That Thing You Do! review by Mike LongOne of the benefits (or downfalls depending on your point of view) of DVDs is the fact that the special features included on the discs have taught the general public a great deal about filmmaking. I can only imagine that there are those who assumed that a finished film was exactly what the filmmakers intended and are thus fascinated by deleted scenes. Often these excised moments are superfluous and aren't worth watching. But, occasionally we are allowed a glimpsed into an artist's original vision, especially with director's cuts of movies. The director's cut of Tom Hanks' That Thing You Do! show that the Oscar-winning actor had some ambitious ideas with his directorial debut.
That Thing You Do! is set in the sleepy town of Erie, Pennsylvania in 1964. There, jazz fan and amateur drummer Guy Patterson (Tom Everett Scott) spends his days working in his father's appliance store. Then, one day, Guy's life suddenly changes. A local band, made up of Jimmy (Johnathon Schaech), Lenny (Steve Zahn) and a bass player (Ethan Embry), ask Guy to play drums for them in a local talent show, as their regular drummer (Giovanni Ribisi) has broken his arm. Guy reluctantly agrees and after he changes the tempo of the song, the group wins. They are then recruited to play at a local restaurant. While jazz is still Guy's first love, he enjoys playing in the rock band, but his girlfriend Tina (Charlize Theron) is bored by the whole thing. During rehearsals, Guy often finds himself talking to Jimmy's girlfriend, Faye (Liv Tyler). The band is soon courted by a local promoter, who gets their song on the radio. From there, they are signed to the Play-Tone record label by Mr. White (Tom Hanks), and the band is off on a cross-country tour. But, as the band is rising in popularity, there is trouble in the ranks. Jimmy is increasingly moody and unhappy with the direction the band is going; Lenny is distracted by trappings of fame; the bass player has enlisted in the Marines. Can Guy keep the band together just as they are on the verge of their big break?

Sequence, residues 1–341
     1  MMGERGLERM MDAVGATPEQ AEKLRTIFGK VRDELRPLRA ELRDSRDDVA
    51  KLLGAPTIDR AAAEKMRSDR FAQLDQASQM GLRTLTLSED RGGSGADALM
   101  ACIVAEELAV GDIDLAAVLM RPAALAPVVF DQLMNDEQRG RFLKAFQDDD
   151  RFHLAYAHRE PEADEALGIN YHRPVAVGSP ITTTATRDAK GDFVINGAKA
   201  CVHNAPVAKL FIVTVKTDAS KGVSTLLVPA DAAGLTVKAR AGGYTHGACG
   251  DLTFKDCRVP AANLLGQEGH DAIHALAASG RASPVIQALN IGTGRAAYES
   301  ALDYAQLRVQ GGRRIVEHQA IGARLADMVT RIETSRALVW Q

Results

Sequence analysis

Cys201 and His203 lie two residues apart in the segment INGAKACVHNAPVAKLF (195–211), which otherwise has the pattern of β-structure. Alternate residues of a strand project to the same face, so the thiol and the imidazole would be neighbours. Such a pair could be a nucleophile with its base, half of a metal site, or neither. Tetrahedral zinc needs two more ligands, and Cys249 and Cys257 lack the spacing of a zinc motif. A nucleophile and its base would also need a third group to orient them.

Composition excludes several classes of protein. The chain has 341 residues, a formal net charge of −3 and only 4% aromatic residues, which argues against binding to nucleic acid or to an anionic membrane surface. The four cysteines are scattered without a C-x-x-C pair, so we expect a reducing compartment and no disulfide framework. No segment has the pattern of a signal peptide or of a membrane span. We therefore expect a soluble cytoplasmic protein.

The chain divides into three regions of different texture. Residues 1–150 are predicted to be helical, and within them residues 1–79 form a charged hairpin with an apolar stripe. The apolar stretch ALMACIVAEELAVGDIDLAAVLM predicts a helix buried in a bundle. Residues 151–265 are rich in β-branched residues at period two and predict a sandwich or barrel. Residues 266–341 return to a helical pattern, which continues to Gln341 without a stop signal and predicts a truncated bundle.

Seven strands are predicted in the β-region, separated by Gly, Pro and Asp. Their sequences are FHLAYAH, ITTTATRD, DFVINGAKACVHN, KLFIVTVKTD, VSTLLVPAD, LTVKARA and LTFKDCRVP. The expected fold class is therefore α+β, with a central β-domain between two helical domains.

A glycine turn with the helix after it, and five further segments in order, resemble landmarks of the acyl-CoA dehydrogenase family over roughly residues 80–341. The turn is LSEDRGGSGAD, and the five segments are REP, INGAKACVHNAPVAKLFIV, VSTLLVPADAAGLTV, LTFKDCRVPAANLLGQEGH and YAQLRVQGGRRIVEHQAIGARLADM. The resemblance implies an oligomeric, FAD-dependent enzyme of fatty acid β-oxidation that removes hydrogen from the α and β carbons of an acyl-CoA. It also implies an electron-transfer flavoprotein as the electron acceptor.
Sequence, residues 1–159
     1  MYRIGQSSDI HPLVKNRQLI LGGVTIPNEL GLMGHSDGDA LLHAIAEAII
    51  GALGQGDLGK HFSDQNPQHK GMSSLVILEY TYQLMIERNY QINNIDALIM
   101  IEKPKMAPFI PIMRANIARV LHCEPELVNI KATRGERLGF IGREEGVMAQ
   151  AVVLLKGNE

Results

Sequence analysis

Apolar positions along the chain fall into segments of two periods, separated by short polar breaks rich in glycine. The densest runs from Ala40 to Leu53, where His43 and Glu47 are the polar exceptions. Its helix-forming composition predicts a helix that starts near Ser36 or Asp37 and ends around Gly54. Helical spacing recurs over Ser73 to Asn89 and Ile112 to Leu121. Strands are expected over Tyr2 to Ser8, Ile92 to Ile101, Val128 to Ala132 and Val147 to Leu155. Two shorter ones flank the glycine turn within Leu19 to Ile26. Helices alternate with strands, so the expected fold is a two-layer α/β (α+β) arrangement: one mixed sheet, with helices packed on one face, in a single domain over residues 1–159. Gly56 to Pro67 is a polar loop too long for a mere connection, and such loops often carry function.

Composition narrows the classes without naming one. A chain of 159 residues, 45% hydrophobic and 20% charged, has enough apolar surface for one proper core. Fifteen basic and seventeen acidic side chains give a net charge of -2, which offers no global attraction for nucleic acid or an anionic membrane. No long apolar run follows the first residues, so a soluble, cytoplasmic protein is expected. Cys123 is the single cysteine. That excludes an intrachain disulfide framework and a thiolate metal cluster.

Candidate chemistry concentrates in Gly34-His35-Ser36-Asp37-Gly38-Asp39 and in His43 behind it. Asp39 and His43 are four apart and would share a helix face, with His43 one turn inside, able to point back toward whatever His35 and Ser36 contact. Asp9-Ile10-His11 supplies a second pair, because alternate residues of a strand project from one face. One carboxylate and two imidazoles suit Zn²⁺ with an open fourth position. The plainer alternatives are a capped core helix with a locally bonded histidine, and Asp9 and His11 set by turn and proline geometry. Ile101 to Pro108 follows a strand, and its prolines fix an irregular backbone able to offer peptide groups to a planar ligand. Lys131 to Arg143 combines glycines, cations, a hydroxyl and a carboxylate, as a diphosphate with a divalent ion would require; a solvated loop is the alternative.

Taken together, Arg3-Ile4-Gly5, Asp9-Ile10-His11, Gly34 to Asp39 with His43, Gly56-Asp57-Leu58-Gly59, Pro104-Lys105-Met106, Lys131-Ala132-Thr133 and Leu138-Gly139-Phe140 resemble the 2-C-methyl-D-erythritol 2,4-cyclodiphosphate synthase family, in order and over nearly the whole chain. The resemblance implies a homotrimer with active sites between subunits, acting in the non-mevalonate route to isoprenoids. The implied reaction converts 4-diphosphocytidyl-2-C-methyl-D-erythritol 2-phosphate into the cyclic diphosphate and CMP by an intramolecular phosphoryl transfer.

That Thing You Do! marks the feature film debut for Tom Hanks as a writer and director. While watching the film, it's fairly easy to guess Hanks' strategy in approaching the making of the film. He cast relative unknowns in the lead roles and then surrounded himself with veteran actors (as well as friends and relatives) for the supporting characters. By having young, and presumably malleable, actors in place, Hanks could focus on their performances while the other, more seasoned players brought their experience to the table.
The result is a film which truly works as a nice piece of entertainment. Hanks doesn't seem to be going for any deep meanings or artistic statements here -- he simply wants to make a good movie about a rock and roll band and he succeeds admirably. The rags to riches story is a familiar one, and I'm sure that there are those who would say that this film parallels the lives of many real bands from the 60s. However, Hanks (and his actors) is able to infuse each character with their own unique personalities and this really boosts the film. The story doesn't contain any great twists or revelations, but Hanks clearly defines each role and by letting us get to know the characters, he hooks the audience. This intimacy with the characters creates an emotional bond with the audience and this helps to boost the film over its often hackneyed material. For example, Jimmy isn't just a jerk, he's an egomaniacal jerk who can't appreciate his good fortune. Instead of simply disliking Jimmy, we hate him and hope for his comeuppance. Similarly, Lenny isn't just the goofball of the band, he's the comedic center of the film and Zahn plays the character perfectly.